Entertainment

The secrets behind The Crown

The second instalment of the sixth series of The Crown is set for release on 14 December. 

Seven years on from its initial release, the programme has been a smash hit for Netflix and has seen some of the UK’s greatest acting talent – including the three queens Claire Foy, Olivia Colman and Imelda Staunton – take on the challenge of portraying some of the most recognisable people in the world.

Behind the glitzy multimillion-pound production is a vast production team working on the finest of details to capture each decade of the Royal Family precisely.

Martin Childs, a production designer, and Alison Harvey, a set decorator, have worked on all six seasons of the show and produced almost 2,500 sets in that time.

Alison Harvey and Martin Childs, set and production designers on The Crown
Image:
Alison Harvey and Martin Childs, set and production designers on The Crown

The pair say the “luxury of time and money and people” that the Netflix production affords allows the detailed and spectacular sets we see on our screens.

“We did go through the schedule quite quickly,” Harvey said.

“We did have people devoted to certain things like drapes. [I’m] on a job at the moment – we’ve got no people and no money and no time. So we’re very lucky to have those facilities available to us on such a great well-received project.”

The abundance of resources allows Childs and Harvey to capture not just the familiar castles and regal settings – they were excited to capture the royals’ private interiors as well.

“It’s a kind of a slightly imagined film version,” Harvey said.

“We research and research and research until the research runs out,” Childs said.

“I think it might be Peter Morgan who coined this phrase ‘informed imagination’ – and it’s one I like very much because it helps describe what we finish up having to do,” he added.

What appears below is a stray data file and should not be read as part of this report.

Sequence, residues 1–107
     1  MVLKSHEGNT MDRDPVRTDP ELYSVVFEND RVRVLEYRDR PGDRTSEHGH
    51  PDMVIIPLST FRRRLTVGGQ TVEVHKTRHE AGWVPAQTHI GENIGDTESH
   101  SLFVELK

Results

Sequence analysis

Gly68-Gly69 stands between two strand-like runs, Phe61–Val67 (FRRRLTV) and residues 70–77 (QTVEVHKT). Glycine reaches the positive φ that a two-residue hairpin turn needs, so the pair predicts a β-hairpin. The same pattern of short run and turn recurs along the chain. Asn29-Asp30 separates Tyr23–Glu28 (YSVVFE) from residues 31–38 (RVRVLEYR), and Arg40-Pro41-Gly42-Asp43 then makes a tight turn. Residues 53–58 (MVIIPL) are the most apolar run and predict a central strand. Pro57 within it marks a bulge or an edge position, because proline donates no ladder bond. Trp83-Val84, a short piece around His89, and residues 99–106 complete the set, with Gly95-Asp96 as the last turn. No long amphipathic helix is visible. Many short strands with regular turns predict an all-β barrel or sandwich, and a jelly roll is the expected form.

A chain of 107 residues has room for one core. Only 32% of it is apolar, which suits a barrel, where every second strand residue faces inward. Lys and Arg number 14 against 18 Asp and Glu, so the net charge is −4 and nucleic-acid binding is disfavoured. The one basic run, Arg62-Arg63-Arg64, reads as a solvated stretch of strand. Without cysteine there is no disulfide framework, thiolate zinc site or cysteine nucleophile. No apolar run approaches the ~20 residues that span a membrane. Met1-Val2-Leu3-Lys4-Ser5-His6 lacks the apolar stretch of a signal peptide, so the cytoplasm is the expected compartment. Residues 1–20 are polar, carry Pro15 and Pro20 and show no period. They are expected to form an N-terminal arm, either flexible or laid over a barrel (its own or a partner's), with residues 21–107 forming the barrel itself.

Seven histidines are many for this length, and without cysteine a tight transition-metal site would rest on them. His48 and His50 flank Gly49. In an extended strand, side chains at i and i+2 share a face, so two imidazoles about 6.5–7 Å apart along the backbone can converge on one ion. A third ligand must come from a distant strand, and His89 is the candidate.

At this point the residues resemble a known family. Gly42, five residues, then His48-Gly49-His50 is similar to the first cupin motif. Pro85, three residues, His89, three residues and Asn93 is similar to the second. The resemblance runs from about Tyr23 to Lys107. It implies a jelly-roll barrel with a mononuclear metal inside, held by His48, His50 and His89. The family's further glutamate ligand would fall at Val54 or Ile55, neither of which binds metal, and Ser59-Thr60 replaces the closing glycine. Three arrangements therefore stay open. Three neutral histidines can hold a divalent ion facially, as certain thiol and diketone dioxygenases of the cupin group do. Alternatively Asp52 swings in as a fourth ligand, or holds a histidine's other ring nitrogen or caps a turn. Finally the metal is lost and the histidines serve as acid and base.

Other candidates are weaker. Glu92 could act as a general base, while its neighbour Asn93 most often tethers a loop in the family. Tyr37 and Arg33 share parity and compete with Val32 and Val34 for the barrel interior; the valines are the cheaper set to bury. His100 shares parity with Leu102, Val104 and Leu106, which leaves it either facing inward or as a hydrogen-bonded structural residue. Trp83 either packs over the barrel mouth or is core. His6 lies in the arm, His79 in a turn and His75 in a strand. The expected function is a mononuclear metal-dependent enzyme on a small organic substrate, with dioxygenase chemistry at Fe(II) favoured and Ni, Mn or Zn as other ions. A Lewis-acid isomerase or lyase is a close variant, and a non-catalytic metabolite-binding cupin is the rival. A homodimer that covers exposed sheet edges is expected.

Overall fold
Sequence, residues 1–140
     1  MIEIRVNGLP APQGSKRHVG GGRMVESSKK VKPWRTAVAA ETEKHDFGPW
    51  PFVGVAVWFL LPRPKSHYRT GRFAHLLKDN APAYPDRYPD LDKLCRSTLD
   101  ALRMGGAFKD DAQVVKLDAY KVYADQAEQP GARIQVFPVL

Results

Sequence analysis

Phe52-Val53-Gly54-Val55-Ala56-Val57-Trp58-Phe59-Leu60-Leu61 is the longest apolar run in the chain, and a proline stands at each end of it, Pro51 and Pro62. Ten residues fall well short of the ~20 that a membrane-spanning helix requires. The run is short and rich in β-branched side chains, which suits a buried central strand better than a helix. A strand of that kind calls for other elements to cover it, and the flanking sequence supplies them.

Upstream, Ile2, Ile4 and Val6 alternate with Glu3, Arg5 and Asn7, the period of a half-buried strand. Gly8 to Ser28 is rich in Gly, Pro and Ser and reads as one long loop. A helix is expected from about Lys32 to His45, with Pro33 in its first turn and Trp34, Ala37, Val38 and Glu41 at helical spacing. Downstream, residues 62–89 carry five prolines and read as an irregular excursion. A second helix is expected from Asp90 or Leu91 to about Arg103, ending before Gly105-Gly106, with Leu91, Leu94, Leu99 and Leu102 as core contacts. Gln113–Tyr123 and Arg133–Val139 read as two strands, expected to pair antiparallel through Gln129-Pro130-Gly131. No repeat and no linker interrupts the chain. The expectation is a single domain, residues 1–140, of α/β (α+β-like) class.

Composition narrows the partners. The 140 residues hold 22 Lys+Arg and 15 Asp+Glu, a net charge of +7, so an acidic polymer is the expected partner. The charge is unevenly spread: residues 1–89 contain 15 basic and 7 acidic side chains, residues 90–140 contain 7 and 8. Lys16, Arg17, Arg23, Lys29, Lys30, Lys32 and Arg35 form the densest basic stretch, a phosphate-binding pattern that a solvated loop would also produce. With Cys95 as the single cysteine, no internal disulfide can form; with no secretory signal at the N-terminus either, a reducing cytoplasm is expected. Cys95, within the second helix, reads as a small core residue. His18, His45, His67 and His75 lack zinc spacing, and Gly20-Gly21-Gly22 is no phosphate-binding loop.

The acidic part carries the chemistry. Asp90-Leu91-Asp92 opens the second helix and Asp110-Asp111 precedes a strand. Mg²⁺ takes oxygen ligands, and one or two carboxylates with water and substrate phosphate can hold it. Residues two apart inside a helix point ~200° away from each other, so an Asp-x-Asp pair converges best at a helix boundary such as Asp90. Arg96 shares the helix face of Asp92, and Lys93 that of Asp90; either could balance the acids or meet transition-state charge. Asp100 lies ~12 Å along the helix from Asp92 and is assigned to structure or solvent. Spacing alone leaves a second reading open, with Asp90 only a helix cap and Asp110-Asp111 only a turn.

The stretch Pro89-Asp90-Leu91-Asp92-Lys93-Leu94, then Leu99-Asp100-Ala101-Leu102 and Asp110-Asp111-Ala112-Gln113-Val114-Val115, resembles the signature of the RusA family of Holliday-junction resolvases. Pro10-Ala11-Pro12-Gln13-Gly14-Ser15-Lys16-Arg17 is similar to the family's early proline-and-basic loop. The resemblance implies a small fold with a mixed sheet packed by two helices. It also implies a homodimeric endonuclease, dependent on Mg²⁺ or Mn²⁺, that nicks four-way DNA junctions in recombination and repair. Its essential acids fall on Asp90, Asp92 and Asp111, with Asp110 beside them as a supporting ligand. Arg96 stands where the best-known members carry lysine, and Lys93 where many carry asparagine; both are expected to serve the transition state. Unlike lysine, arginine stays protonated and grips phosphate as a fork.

The first four episodes of the sixth season were released on 16 November and captured the last eight weeks of Princess Diana’s life.

While many of the scenes from the 1997 crash and its aftermath are seared into the public’s imagination, Childs was averse to recreating many of them.

“My consideration [for] all the scenes that led up to [the crash] was not to have any prior knowledge of it, because the audience does. So I didn’t want to load it with 20-20 hindsight.

“People know what happened. People are familiar with the footage so we didn’t really want to recreate much of that.”

Portraying Diana faithfully was also a major consideration for hair and makeup artists Cate Hall and Emilie Yong. It took around 30 hours to transform Elizabeth Debicki into the late princess.

Hair and makeup artists on The Crown Cate Hall (left) and Emilie Yong
Image:
Hair and makeup artists on The Crown Cate Hall (left) and Emilie Yong

“It starts with this very archaic wrapping of their head in clingfilm and sellotape and marking the headline with a sharpie. The wig maker we work with is very, very detailed in terms of hairlines, crowns,” Hall said.

“The hair is all knotted hair by hair, we will go through thousands of different colours to find the four or five colours we’re going to use in a wig. Then once the wig is made, we start cutting.

“Then the wig comes off the head and is set and dried, put back on again, cut, highlighted, roots shaded in. And then the makeup fittings start.”